From: Jurriaan Bendien (adsl675281@TISCALI.NL)
Date: Sun Oct 28 2007 - 12:23:33 EDT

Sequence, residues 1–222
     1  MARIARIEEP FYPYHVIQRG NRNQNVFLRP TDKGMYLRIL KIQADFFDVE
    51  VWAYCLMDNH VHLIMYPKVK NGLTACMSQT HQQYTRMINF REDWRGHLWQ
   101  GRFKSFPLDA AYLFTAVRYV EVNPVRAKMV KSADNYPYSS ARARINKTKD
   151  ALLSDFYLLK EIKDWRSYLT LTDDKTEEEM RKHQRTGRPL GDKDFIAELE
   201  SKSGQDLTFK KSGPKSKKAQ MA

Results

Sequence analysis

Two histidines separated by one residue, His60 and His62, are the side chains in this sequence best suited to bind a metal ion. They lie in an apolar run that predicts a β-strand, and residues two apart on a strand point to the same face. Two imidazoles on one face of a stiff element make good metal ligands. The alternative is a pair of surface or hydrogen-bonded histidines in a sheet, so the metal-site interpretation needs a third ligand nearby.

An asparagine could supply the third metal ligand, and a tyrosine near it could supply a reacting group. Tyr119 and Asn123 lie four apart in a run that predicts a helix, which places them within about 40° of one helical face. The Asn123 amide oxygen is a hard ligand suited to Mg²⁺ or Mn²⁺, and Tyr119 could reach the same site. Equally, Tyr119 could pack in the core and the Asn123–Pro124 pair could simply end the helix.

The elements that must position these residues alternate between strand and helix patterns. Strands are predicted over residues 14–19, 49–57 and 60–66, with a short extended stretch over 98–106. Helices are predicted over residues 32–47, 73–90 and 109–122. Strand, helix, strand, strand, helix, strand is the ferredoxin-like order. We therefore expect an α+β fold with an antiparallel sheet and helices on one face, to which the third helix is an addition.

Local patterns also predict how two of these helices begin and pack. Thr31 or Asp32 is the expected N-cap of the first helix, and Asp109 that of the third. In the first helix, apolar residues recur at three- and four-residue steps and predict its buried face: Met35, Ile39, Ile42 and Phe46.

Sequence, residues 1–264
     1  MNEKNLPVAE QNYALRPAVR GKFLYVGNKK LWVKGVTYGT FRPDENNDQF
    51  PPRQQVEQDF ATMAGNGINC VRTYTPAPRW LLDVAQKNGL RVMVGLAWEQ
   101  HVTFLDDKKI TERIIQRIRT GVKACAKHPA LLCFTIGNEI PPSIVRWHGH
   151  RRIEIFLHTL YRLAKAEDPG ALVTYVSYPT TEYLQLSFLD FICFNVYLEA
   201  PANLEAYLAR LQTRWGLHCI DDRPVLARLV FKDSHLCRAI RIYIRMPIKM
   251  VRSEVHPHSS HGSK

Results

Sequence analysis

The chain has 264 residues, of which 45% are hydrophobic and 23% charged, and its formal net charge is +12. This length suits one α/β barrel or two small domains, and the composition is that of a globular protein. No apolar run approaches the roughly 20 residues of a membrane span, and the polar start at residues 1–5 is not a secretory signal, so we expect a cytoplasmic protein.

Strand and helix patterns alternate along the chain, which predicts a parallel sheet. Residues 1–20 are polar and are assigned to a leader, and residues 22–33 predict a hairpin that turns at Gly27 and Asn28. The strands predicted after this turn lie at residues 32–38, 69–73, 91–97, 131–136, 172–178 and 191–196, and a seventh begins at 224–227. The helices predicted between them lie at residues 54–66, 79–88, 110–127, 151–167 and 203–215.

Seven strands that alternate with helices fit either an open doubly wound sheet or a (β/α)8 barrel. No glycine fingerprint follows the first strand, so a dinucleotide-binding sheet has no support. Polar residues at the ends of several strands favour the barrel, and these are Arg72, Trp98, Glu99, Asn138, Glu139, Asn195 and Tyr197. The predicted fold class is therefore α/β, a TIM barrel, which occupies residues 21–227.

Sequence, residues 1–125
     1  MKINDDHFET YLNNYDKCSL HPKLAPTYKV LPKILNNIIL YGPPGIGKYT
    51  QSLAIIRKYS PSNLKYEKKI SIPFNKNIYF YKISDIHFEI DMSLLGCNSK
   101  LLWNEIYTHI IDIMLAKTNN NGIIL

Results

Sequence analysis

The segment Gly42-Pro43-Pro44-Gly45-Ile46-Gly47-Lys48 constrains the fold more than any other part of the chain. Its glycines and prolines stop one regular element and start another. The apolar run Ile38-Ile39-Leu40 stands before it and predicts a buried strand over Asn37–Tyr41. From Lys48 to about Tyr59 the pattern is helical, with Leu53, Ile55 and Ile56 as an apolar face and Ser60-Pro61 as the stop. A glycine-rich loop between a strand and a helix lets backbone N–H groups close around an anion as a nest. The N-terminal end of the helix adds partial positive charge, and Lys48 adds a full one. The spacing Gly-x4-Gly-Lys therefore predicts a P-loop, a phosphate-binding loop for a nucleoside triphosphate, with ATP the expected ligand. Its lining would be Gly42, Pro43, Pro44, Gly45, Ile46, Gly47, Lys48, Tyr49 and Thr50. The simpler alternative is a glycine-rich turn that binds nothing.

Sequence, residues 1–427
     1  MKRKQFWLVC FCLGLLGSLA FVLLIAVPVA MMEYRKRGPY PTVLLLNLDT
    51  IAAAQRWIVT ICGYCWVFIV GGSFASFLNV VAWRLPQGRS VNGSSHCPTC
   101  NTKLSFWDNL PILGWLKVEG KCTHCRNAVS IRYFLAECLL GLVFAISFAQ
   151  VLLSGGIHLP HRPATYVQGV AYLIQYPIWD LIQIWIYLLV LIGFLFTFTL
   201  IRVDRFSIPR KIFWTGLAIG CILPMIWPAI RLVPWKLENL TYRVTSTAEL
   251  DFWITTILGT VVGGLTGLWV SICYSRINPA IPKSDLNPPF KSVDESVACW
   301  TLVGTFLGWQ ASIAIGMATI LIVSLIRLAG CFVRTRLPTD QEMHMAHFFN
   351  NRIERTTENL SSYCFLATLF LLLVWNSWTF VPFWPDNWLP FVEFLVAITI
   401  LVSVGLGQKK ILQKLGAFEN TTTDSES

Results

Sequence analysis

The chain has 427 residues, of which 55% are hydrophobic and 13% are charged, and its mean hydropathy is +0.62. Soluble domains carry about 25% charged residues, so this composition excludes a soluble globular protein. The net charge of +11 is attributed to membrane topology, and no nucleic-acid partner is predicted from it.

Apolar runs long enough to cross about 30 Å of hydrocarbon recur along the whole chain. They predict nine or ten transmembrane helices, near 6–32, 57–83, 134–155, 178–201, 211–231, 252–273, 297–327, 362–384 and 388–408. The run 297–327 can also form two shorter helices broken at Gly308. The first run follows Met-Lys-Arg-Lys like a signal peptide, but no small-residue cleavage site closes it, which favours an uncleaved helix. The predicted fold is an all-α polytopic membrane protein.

It occurred to me that when I said that Laurence Harris's book Monetary Theory is not a specifically Marxist book, he might object to that. For one thing, when he discusses the difference between barter economy and money economy, Harris notes that "The workers sell to the capitalists the commodity they own - labor-power - and they do so in order to obtain the means of existence - food, clothing, and other essentials" etc. (p. 11). For another thing, overall at least basic propositions about the functions money has, do not seem to differ all that much - for practical purposes - between serious Marxian, monetarist and Keynesian theories, although they disagree about policy effects (the causal chains involved in the utilisation of monetary instruments). As against this, Harris (following Hicks) defines money as a "store of value", without defining the meaning of economic value, i.e. what economic value is, arguably a weakness in his treatise. Marx however does not define money as a "store of value", rather he defines economic value as human labour sui generis, and money as an autonomised "form" of value, with 7 basic functions - measure of value, standard of price, medium of circulation, means of purchase, means of payment, and representation of wealth; in discussing the additional function of hoarding, Marx specifically refers to the storing-up of "exchange value", not of value itself, i.e. money has no intrinsic value of its own, other than if it is embodied in a commodity functioning as money which has a production-cost (the unit-cost of producing a banknote such a a $1 dollar bill or a $1000 dollar bill is only a few cents). J.
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